Swallow Hill Music, a non-profit established in 1979, strives to positively impact the quality of people’s lives through the art of music. Besides providing private lessons, camps and concerts for all ages, they also host a yearly Young Songwriters Competition. Thomas Koenigs, a student of Regis Jesuit High School and 2015 winner of the Swallow Hill songwriters’ competition, explains that he used to be shy about his music. Then someone told him that music was an expression of the self.
“We aren’t perfect people, but we grow. Good music reflects that imperfection and personal growth,” said Koenigs. “Expression does not and should not require justification or explanation.”
Swallow Hill’s Director of School Operations, Cheri Gonzales, counsels kids starting out to “never be afraid to try something new and challenging.” She encourages young songwriters to perform as much as possible, actively participating to “create material that is completely unique to [them] as an individual.”
Forcing yourself out of your comfort zone and into a state of unease might be frightening, but it can also lead to an ultimate experience of performance euphoria and acceptance. So make it fun, get crazy, and rejoice in the double takes and sideways smiles of those around you as you recite poetry to your dog or sing in your car. Invest in a rhyming dictionary or find one online, like www.rhymer.com, because rhyme can make for powerful lyrics.
Be sure to create an irresistible hook. Songs often have several hooks. The title, chorus, and riffs. Use everything you can to keep your audience captivated. Write about topics or events that interest you, not what’s popular in music at the moment, unless the two are the same. Koenigs’ winning song, Beat the Drum wasn’t about love lost or flashy lifestyles; it told the story about three musicians that suffered from mental illness, drug use and acts of rage. Subjects that evokes strong emotion–like Ferguson, Koenigs’ most recent song—touches both our hearts and our beliefs.
The emotions songs lyrics evoke remind us of our humanity. But it isn’t about telling: it’s about showing. Write lyrics that conjure vivid images. Try word associations by writing all the words you think about for a certain event, subject or detail, and use these words in your song. When you think you’re done, put it down for a few days. Revisit it with a critical eye. If something doesn’t feel right, it probably isn’t. Just like fiction writing, don’t be afraid to kill off that character, chorus, or single line that, in the end, is throwing off your work. As Gonzales says, “It’s like a beautiful puzzle that fits together just the way [you] want it to.”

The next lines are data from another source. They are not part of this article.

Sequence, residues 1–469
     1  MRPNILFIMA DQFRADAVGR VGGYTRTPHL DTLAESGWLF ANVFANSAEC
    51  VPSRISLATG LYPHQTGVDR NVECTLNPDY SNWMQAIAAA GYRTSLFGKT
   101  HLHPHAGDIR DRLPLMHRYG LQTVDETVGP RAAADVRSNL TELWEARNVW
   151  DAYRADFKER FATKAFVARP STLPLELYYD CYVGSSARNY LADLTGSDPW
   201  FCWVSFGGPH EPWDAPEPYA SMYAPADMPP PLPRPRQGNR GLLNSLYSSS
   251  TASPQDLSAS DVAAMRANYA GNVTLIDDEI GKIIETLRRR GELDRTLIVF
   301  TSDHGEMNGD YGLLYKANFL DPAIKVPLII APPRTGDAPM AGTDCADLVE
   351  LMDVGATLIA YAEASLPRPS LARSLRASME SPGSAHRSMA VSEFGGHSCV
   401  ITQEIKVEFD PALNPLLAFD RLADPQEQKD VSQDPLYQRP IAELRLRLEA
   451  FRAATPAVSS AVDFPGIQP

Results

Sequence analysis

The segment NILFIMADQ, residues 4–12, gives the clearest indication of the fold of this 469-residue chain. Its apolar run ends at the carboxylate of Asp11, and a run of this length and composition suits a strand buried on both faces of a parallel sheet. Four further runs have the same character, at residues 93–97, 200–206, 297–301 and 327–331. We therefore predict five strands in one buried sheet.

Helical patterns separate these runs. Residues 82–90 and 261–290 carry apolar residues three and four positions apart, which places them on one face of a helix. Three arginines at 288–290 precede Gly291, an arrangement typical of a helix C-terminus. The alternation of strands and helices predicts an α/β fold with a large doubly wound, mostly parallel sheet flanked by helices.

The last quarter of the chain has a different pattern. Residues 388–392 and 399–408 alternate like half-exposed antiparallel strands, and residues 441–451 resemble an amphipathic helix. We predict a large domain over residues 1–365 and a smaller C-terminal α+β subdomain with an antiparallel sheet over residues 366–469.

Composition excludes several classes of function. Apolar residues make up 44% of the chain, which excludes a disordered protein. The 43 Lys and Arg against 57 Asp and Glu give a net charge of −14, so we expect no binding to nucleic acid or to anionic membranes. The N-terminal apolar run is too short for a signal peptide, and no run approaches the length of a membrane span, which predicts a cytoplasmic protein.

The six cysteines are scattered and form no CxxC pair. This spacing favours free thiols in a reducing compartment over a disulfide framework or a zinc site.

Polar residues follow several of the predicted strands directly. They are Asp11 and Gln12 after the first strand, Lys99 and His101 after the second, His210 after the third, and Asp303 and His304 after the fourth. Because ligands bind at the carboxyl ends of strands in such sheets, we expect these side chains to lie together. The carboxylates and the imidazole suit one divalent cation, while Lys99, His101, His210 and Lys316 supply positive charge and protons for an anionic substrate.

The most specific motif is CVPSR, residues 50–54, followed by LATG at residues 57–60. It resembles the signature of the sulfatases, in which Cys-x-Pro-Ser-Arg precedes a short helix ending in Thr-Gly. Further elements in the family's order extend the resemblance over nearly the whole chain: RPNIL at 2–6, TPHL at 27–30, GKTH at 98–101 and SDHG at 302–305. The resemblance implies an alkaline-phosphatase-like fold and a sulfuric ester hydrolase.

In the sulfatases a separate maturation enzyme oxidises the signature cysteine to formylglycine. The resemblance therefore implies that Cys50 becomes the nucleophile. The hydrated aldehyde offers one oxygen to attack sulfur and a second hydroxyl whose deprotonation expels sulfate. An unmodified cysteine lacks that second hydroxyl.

Swallow Hill Music’s annual Young Songwriters Competition starts in February. There’s no fee to enter and according to Gonzales, contestants usually take total responsibility for the process of submission deadlines, although parents are welcome to be involved. But who can wait for 2016? Starting November 1st Swallow Hill offers a program called House of Rock.
“Here they’ll work constructively within a group of kids with similar goals and passions. You might see a timid 13-year-old the first day of camp who’s very soft-spoken and nervous and by the last day that same [kid] is shredding an electric guitar solo at [a] performance,” says Gonzales.
Teens that participate in the House of Rock will perform a concert at Moe’s BBQ for their final class.
The Castle Rock Writers Conference will offer a similar experience for teen poets who attend Jovan Mays’ Slam Poetry workshop. Jovan will lead students through the process of creating poetry using tools to craft pieces that can be performed in three minutes or less. Teens will then be invited to kick off CRW’s January free monthly workshop by performing their Slam Poetry for family and friends.
Opportunities for youth expression abound in Colorado. Coloradoans are passionate about their art and culture and want to pass on that love to their children. The success of non-profit organizations like Swallow Hill Music and Castle Rock Writers proves that expression through music and writing is an important part of that culture.
Read the full interviews with SETH, Thomas Koenigs, and Cheri Gonzales at www.CastleRockWriters.com/updates. Information about Swallow Hill Music can be found at http://swallowhillmusic.org/denver-music-school/. Swallow Hill has also donated one of their Family Memberships to CRW to offer during their silent auction. Information about CRW can be found at http://castlerockwriters.com/events/annual-conference/conference/.
by Tania Urenda
The vision of Swallow Hill Music is to positively improve the quality of people’s lives through music. How does Swallow Hill Music fulfill this vision with the Young Songwriter’s competition?
The vision of Swallow Hill Music is to positively improve the quality of people’s lives through music. How does Swallow Hill Music fulfill this vision with the Young Songwriter’s competition?
The vision of Swallow Hill Music is to positively improve the quality of people’s lives through music. How does Swallow Hill Music fulfill this vision with the Young Songwriter’s competition?
I think the children and teens who we serve provide us with the most honest reaction to the programming we provide. You can tell instantly by their level of enthusiasm what music they absolutely love and also when they find the learning of certain skills completely boring. I’ve found this is most seen in the teen age range, which is the primary age group for the Young Songwriter’s Competition.